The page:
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Current position of the SSV Corwith Cramer. Click on the vessel to view position history. Use the tools, top right, to change the map style or view data layers. Dates and times use GMT (Greenwich Mean Time).

SEA Currents: SSV Corwith Cramer

December 15, 2019

The Island of Ash

Brett Bohnert, Grinnell College


Above: One of the buildings in the abandoned capital of Plymouth. The rest of the ghost town and the fog-shrouded volcano loom in the background; Below: Francesca (right) and I (left) show off our sandcastle.

Ship's Log

16º 47.9’ N, 62º 12.8’ W

Speed/Sail Plan/Heading
At anchor in Little Bay, Montserrat

25˚C, cloud-spotted skies with occasional squalls, F3 winds from the East

1-2 ft. seas

Souls on board

Ahoy! My name is Brett and I am a senior at Grinnell College. Today we finally set foot on Montserrat, which was a long-awaited moment considering we’ve been staring at it for three days! After shuttling everyone over in a very bumpy, splashy ride in our small boats, we began a bus tour of the island. Lexi mentioned the history of Montserrat a little in her blog post, but I’ll provide some more info. Montserrat’s population was 13,000 before the Soufrière Hills eruption, over twice what it is today. The volcano initially exploded on July 18, 1995. The deadly-hot pyroclastic flow claimed no lives in the first eruption, but destroyed entire neighborhoods and forced people to relocate into overcrowded temporary shelters. Due to poor dissemination of information and poor conditions at the shelters, many returned to their homes after everything seemed like it was over. Unfortunately, the first eruption was just the beginning, and nineteen lives were claimed in the next eruption. Over the next half-decade, two thirds of the island would be blanketed in ash and fire, and 92 percent of the population would be relocated. Many people just left. Only 1,200 people were living on the island at the end of all this. It’s grown since then, with an estimated population of about 5,000, but the inhabitants of the island are still clustered at the northern tip of the island since the rest is an exclusion zone.

Our tour started with a drive through the populated sector of Montserrat where our guide pointed out some of the various shops, restaurants, and schools in town. We made a quick stop at Runaway Ghaut, a freshwater spring that allegedly guarantees you will come back to the island if you drink from it. We pretty much all did, so I guess we have that to look forward to. After this tour of the main city, we headed up to the Montserrat Volcano Observatory where we had a great view of the Soufrière Hills volcano and watched a documentary about the eruptions. Geologists are still actively studying the volcano and there’s even a helipad on site at the observatory! The volcano was mostly shrouded in fog while we were there, but we could still see the collapsed dome and the ruins of Plymouth. We hit up their souvenir shop, ate some snacks, and continued on into the exclusion zone.

There are actually several levels of the exclusion zone. As we headed south down the island, occupied houses gave way to sand mines, construction zones, and houses in varying levels of disrepair. In this section of the island, people are able to visit during daylight hours to work but are not allowed to stay overnight. Eventually, we hit a checkpoint and headed into the actual exclusion zone. Montserrat is the only place in the world with a ghost town, Plymouth, as its capital. Buildings there are buried several-stories deep in volcanic ash and have been taken over by plants, birds, and feral farm animals that were abandoned after the eruptions. Some buildings weren’t even visible under all of the debris. Eventually, we stopped for lunch and got out to walk a bit and take photos.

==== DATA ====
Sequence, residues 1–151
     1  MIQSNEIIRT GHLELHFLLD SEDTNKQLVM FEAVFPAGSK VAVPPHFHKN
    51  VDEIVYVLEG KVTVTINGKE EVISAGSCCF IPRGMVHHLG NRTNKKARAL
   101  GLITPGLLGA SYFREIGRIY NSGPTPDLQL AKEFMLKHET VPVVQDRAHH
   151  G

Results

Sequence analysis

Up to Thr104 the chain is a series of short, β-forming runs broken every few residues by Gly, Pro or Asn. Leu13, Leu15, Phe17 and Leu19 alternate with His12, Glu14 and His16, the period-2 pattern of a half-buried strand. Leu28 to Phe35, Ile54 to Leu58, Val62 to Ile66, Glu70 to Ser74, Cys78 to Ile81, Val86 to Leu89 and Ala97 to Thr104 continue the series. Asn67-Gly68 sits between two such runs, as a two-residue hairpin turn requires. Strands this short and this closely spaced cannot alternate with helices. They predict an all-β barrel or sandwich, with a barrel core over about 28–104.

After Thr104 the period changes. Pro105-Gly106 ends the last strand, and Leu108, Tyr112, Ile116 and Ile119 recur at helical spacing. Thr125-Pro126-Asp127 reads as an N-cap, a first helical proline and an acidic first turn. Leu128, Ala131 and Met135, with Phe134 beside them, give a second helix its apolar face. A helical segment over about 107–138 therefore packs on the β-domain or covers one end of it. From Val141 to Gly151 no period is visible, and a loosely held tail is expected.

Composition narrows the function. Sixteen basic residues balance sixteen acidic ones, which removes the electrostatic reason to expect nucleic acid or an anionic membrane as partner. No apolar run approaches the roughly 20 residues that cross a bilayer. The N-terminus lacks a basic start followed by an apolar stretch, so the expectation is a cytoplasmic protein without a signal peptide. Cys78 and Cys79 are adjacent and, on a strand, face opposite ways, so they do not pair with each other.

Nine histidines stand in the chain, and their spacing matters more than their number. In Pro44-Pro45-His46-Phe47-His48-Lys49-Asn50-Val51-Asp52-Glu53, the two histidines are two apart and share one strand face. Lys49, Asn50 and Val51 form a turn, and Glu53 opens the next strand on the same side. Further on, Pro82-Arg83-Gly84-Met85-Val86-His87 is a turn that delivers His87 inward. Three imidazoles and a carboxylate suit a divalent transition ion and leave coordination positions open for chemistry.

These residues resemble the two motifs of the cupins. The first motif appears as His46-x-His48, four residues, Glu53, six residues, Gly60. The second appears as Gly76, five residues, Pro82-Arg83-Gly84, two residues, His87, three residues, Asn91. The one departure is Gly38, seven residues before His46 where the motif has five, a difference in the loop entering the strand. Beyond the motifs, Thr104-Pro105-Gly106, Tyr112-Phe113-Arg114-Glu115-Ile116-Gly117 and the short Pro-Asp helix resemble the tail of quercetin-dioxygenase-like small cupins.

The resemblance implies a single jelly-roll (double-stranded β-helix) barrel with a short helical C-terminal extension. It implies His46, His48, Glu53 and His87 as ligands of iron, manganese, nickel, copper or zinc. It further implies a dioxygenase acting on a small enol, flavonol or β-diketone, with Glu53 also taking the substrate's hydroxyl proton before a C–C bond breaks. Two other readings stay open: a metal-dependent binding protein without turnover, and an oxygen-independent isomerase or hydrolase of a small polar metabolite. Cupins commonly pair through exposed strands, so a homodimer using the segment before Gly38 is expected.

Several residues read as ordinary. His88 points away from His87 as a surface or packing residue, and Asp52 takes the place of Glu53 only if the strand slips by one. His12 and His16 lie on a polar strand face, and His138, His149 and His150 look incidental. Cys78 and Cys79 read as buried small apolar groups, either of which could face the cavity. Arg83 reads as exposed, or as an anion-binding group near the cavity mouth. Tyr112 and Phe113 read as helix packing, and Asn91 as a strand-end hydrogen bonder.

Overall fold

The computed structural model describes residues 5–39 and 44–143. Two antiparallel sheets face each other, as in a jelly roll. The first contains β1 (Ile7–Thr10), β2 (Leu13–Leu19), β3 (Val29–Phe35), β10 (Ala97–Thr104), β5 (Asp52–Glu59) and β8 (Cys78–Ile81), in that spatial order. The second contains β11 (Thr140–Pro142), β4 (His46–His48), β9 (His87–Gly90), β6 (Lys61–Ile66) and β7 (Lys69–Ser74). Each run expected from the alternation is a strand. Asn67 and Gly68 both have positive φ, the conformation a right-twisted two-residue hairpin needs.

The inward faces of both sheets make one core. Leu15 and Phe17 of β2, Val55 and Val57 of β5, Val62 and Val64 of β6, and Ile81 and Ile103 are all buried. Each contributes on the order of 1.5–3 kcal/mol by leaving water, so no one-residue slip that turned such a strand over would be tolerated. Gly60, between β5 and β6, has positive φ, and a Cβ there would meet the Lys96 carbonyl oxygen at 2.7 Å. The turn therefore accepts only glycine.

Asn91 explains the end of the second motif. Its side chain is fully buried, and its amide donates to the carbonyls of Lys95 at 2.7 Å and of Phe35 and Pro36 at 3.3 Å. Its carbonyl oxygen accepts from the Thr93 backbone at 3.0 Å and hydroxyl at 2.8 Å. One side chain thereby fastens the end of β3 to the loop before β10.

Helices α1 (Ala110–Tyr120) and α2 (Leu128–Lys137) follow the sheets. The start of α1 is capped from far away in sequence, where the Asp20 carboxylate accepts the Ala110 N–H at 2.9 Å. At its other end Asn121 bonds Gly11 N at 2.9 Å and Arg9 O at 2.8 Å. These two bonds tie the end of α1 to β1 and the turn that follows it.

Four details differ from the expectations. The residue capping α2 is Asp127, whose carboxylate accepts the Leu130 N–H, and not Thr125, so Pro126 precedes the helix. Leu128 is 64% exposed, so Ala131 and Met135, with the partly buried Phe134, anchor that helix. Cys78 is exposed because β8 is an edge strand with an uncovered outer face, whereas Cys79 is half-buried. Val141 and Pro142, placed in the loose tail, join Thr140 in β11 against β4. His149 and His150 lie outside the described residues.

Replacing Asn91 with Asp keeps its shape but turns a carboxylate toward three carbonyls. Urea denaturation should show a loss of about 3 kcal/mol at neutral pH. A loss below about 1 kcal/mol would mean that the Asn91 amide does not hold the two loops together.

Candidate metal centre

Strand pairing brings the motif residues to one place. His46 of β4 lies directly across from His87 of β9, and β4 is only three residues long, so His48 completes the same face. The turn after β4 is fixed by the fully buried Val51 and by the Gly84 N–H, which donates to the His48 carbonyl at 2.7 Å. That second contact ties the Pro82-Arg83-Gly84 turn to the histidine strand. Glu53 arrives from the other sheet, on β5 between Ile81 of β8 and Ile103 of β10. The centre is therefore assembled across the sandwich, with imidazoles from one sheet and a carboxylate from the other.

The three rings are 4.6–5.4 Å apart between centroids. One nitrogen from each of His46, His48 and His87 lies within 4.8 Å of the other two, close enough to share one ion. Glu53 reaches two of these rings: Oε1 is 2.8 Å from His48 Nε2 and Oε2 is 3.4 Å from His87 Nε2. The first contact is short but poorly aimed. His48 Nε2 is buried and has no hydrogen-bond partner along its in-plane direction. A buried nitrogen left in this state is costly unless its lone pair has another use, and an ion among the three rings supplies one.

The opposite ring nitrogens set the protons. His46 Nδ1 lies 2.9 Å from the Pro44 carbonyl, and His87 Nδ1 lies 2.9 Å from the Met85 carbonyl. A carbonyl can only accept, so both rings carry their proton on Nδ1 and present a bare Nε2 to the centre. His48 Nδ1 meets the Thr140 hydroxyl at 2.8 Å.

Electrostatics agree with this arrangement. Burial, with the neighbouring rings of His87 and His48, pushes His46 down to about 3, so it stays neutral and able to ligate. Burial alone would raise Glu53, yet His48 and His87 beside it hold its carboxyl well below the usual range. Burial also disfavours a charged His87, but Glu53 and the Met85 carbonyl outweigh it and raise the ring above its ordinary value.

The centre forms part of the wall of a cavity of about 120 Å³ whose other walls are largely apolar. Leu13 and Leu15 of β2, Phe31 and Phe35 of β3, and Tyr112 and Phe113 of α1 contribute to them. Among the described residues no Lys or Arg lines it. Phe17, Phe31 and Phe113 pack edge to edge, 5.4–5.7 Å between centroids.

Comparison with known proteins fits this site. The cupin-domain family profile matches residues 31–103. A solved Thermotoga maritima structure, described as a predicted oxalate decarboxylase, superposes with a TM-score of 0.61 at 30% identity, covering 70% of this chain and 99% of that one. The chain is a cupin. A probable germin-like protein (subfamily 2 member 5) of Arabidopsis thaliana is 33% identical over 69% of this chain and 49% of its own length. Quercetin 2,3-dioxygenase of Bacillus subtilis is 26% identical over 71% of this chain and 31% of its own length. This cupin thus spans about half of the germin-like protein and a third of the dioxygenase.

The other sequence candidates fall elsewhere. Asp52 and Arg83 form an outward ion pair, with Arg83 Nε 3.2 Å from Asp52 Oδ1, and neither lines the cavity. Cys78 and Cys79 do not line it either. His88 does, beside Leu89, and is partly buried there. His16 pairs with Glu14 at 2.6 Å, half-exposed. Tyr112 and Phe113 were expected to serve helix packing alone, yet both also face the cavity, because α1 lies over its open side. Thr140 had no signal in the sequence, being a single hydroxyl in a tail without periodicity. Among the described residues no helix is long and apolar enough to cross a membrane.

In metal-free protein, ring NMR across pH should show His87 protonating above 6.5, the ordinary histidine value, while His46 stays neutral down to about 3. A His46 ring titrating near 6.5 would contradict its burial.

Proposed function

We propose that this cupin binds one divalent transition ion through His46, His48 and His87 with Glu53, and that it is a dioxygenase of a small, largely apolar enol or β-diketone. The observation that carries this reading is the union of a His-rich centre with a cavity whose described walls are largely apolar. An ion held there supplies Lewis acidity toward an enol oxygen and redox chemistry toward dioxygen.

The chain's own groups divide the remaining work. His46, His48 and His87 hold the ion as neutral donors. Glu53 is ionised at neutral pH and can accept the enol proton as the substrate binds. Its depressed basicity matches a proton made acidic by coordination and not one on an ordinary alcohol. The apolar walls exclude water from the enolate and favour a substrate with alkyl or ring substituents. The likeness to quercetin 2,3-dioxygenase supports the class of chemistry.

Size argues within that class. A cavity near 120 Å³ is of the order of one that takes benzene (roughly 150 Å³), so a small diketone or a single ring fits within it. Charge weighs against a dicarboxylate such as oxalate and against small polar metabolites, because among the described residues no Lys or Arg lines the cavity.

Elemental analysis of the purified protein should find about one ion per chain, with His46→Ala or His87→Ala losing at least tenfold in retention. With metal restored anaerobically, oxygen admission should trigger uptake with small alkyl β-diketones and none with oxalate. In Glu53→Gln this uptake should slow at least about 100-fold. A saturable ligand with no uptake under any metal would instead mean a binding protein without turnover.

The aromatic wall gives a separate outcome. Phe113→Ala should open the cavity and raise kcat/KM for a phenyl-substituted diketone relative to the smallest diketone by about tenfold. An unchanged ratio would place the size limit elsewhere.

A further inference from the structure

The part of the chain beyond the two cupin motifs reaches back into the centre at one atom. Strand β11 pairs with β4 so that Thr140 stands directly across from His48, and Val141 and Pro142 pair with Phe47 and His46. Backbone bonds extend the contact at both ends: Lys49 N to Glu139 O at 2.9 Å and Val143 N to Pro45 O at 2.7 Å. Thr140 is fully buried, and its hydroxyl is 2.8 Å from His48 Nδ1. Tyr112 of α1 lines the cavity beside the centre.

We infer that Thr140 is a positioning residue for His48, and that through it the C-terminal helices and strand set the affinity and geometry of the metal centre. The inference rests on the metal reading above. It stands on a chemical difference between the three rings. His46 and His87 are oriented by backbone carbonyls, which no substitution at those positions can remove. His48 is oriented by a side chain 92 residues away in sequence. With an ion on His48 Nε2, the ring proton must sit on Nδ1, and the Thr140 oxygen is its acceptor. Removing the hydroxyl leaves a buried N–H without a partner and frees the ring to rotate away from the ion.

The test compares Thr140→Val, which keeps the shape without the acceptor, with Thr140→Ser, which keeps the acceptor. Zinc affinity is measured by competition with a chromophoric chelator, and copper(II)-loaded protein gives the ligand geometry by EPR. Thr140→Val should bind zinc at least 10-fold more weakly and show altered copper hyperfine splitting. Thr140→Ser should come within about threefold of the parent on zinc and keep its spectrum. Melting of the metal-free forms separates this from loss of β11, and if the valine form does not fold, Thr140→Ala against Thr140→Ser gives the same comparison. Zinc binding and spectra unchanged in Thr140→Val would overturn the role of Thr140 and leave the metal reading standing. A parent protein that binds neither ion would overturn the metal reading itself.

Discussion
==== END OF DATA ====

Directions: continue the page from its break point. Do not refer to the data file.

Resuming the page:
We finished our tour at about 1300, so we had a LOT of unexpected free time on the island. I beelined directly to the ice cream shop with some others and chatted with some locals. Everyone we talked with seemed really happy to see us and excited to talk about what their island had to offer. Our group split off after this to do different things. Some people went on a hike and I originally planned to join them, but, after realizing that the hike would involve lots of thorny bushes, I hit the beach with some others. Francesca showed me how to bring my sandcastle-making skills to the next level—I had no idea she was such an architect! After some quality beach time, we got dinner at a local joint right next to the pier. I had some curried snapper with beans and rice, which was fantastic.

We’ll be leaving Montserrat tomorrow after A and B Watches finish up their reef surveys, and I don’t think it’s a place I’ll ever forget. At a first glance, Montserrat can seem like a really tragic place. In many ways, it definitely is—the volcano has taken homes, lives, and business away from thousands of islanders. However, the people that remain seem to have a fierce love for their island and the population is increasing once again. We all drank from Runaway Ghaut, so if the legend is correct, we’ll all return to Montserrat at some point in our lives. I’m excited to see how the island has grown when we return!

- Brett Bohnert, Grinnell College

Categories: Corwith Cramer,Caribbean Reef Expedition, • Topics: c289  study abroad  caribbean  port stops • (2) Comments


Leave a public comment for students and crew to read when they reach their next port and have access to the internet!

#1. Posted by SecretBeechBaronGuy on December 16, 2019

Brett Bohnert rules!

#2. Posted by Clark Lindgren on December 17, 2019

Hi Brett
It sounds like you are having a great time.
See you next year..



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